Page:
Sweden’s government cut its growth forecasts as weak developments abroad weigh on an expansion in the largest Nordic economy.
Gross domestic product will expand 2.5 percent this year and 3.1 percent in 2015, compared with April estimates of 2.7 percent and 3.3 percent, respectively, the government said today. The economy grew 1.6 percent last year.
“The risk of weaker growth still predominates, primarily because of the outlook for the euro area,” the Finance Ministry said in a statement. “While little risk is seen of a sharp downturn, the risk of protracted stagnation remains. Employment is continuing to rise and unemployment is falling.”
Sweden’s central bank yesterday unexpectedly lowered its
main interest rate by half a percentage point to 0.25 percent, matching a record low from 2010, and predicted no increases until the end of next year. Policy makers are acting to prevent deflation from taking hold as low demand is preventing business from raising prices.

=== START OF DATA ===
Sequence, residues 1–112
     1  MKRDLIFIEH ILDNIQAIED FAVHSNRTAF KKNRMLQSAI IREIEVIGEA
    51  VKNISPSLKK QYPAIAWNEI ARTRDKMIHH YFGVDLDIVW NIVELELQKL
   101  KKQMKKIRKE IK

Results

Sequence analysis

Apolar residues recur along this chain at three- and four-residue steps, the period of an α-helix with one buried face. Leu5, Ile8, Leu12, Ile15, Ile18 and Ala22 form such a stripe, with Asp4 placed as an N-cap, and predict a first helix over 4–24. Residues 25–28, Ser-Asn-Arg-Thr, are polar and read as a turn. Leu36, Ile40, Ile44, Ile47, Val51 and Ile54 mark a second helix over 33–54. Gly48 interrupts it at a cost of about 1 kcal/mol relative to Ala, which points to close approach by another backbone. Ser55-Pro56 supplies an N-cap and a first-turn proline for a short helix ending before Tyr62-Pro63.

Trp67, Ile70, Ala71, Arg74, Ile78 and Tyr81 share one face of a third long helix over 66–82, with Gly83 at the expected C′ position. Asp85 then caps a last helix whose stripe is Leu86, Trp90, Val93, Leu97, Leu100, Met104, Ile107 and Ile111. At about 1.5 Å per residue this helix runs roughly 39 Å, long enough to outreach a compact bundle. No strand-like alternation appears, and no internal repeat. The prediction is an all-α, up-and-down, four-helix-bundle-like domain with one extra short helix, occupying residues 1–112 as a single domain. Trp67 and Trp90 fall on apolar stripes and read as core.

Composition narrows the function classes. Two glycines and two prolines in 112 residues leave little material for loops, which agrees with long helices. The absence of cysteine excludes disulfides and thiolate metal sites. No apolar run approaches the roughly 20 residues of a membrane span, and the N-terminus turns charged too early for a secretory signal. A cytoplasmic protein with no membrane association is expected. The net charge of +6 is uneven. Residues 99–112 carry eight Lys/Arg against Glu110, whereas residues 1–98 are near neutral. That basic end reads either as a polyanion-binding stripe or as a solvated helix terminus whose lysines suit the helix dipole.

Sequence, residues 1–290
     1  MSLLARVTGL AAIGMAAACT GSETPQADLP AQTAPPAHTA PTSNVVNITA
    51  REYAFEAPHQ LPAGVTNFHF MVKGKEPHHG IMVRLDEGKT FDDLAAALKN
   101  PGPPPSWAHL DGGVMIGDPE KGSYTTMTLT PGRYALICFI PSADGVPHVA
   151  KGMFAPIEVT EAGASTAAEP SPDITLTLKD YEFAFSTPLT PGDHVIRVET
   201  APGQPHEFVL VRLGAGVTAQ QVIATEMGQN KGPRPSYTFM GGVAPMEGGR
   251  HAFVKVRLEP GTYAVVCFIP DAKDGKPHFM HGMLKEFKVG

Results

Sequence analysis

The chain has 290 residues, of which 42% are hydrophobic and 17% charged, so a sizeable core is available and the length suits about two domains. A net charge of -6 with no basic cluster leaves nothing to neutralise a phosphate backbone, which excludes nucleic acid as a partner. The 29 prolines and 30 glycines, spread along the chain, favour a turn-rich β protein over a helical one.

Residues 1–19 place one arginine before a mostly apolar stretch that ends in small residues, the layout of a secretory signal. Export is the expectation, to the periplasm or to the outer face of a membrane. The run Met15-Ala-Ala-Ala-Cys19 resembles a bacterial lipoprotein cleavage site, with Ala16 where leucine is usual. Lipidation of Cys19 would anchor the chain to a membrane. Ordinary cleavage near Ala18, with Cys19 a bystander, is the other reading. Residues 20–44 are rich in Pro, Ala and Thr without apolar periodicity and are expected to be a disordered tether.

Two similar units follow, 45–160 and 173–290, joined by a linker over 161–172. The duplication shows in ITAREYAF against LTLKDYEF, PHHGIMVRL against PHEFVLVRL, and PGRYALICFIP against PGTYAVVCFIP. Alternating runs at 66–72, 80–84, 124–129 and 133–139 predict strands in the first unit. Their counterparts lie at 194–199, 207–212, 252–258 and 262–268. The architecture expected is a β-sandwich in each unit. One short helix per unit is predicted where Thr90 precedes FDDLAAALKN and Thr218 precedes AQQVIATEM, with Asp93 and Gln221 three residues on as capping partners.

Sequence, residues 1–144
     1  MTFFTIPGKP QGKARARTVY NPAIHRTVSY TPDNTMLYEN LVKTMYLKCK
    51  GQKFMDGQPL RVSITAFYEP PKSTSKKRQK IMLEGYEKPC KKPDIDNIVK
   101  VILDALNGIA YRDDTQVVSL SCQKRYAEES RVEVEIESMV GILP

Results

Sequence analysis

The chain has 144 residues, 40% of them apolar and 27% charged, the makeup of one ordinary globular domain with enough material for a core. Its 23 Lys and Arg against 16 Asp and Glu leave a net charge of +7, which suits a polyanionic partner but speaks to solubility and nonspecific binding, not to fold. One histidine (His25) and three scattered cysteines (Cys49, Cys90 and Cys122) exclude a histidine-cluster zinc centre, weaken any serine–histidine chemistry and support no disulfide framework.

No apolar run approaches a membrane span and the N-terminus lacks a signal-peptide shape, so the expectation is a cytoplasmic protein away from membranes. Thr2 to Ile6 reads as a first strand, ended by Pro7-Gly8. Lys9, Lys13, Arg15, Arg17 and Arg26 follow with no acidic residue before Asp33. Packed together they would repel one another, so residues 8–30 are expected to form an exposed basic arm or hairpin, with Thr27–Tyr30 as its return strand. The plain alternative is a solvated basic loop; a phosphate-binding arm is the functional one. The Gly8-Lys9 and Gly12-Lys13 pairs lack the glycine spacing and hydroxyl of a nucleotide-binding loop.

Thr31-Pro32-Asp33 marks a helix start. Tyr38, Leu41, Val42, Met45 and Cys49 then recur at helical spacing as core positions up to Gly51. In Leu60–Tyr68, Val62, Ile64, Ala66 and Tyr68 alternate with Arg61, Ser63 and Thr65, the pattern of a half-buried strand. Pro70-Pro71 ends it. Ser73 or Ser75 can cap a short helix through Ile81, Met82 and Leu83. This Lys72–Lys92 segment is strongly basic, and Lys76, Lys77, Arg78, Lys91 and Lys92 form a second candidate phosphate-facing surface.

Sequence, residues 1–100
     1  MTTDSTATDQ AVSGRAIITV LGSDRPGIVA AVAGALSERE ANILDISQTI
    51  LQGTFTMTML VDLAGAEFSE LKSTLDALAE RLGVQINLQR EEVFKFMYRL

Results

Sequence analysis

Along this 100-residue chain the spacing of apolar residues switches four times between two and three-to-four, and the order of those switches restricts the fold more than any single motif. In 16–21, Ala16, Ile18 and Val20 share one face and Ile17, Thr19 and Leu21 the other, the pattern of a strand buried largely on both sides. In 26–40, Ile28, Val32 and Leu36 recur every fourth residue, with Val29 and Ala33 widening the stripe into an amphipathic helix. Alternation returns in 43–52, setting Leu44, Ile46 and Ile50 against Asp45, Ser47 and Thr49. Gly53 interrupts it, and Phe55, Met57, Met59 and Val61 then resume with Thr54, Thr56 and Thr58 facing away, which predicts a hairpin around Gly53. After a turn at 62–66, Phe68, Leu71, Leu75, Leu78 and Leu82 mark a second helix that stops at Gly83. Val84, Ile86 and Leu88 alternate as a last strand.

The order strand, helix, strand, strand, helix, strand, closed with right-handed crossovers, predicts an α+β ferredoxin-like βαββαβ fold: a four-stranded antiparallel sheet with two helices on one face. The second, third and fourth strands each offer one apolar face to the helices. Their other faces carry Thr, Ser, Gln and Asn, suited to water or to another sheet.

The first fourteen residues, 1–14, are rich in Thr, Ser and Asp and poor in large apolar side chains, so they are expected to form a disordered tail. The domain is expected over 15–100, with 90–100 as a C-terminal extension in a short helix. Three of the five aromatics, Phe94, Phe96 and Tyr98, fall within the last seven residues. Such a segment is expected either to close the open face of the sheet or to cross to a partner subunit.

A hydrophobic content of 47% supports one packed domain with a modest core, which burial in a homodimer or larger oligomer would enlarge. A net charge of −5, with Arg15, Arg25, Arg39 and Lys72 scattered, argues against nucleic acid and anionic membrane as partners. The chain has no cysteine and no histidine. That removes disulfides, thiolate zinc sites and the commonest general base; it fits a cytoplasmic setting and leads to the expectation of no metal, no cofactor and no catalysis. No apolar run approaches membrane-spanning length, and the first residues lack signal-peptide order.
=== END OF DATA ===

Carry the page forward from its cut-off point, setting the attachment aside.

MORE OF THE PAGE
Slow growth and high unemployment are hampering the government’s bid to win a third term in September’s election. The four-party alliance is trailing by more than 10 percentage points in most polls.
Swedish unemployment will average 7.9 percent this year and 7.5 percent in 2015, compared with April forecasts of 7.7 percent and 7.3 percent respectively, the government said. It lowered its inflation forecast to 0.0 percent from 0.2 percent for this year and to 1.4 percent from 1.6 for 2015.
Exports will grow 3.3 percent this year and 5.2 percent next year. The government will post a trade deficit this year as imports grow faster.
Sweden will post deficits of 1.9 percent and 0.7 percent of GDP this year and next year, respectively and won’t reach is 1 percent surplus target until 2018, the government predicted.
The four opposition parties are accusing the government of jeopardizing public finances through tax cuts. Both sides have pledged to return public finances to surpluses if they win elections on Sept. 14, saying any new spending initiatives will have to be fully funded.
The government this year cut income taxes for a fifth time since coming to power in 2006 to boost domestic demand as exports are struggling to pick up to levels seen before the financial crisis. Sweden, which boasts one of Europe’s lowest public debts, sells about half its $560 billion output abroad of which about 70 percent go to debt-stricken Europe.